Why Ranking Number One in SERPs is SO Important – Here’s How

Search engine results pages (SERPs) are a gateway to visibility, whether you are aware of it or not. Most of us do several searches every day, or even dozens of searches, without consciously thinking about it. We remember we have to buy something, or we want the answer to a curious question, so we write a query and bam – we are presented with millions of sites we could visit for the answer.

This large amount and almost ubiquitous visibility are the motives behind search engine optimization (SEO), the strategic effort designed to get your site ranked higher in the SERPs. Using tactics like on-site content creation, on-site technical improvements and of course link building, you can get your site to climb the rankings.

The higher you are ranked, the better – which is mostly intuitive. Higher ranked sites are seen before lower ranked; After all, how often do you click to page two or page three of Google’s search results to find what you’re looking for? Higher ranking sites get more traffic and make more money.

But you may not know intuitively how crucial a # 1 ranking will be for your business. Rank 1 is better than rank 2, sure, but rank 2 is also great, right?

Not necessarily. According to some studies, the website in rank 1 gets as much as 33 percent of all organic traffic for a given search. The page in rank 2 gets only about 18 percent, barely more than half of the traffic of rank 1. At rank 3, you get about 10 percent, and the percentages drop even more from there.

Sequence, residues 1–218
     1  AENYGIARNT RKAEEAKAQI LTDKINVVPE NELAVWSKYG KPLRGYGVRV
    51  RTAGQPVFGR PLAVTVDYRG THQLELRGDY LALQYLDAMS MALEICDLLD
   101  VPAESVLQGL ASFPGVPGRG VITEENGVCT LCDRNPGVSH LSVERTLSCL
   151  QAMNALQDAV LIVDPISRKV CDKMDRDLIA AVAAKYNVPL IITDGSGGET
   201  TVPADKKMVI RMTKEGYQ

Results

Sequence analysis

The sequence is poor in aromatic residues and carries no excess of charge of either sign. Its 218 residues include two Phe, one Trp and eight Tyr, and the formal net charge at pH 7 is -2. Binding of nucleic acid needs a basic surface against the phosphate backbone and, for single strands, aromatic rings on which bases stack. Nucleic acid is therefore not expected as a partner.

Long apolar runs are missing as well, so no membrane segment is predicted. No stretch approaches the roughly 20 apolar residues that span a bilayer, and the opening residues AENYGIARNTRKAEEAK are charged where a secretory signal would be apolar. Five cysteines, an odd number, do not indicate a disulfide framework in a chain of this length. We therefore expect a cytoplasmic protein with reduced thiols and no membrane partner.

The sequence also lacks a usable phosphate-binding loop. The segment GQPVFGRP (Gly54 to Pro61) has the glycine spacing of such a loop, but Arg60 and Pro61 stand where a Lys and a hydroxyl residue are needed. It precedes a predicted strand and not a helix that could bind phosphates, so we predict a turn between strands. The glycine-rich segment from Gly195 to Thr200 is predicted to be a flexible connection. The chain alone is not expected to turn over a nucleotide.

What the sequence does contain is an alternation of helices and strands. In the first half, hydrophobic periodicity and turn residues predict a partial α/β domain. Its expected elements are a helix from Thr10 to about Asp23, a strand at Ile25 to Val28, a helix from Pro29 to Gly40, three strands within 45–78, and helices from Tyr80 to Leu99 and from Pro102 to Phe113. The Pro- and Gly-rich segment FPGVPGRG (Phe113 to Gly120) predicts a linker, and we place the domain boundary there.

There are a few great takeaways here:

  • Rank 1 generates almost twice as much traffic as rank two. If you are interested in the highest possible traffic volume, recognize that even though rank 2 is good, rank 1 is almost twice as good. Rising only a single position in rank can instantly double the traffic a page on your site gets.
  • Rank four and below is hardly worth the effort. It takes time and effort to climb the SERPs for any search query, even if you only get to page 2 or 3. If you spend all that time and money and only get to rank 4, it may not be worth it (depending on on search volume). It is often better to have a single rank 1 position than dozens of page 2 positions.
  • Visibility and authority flow from rank one. Getting to rank 1 is not just about getting more traffic. It is also about gaining more visibility as you are the first web page that people will see and more authority as many people know how much it takes to get to rank 1.

It was probably already obvious that rank 1 for any relevant search query was valuable. What was less clear is how rank 1 is much more valuable than other rankings.

With that in mind, what steps can you take to ensure that you reach rank 1 as often as possible?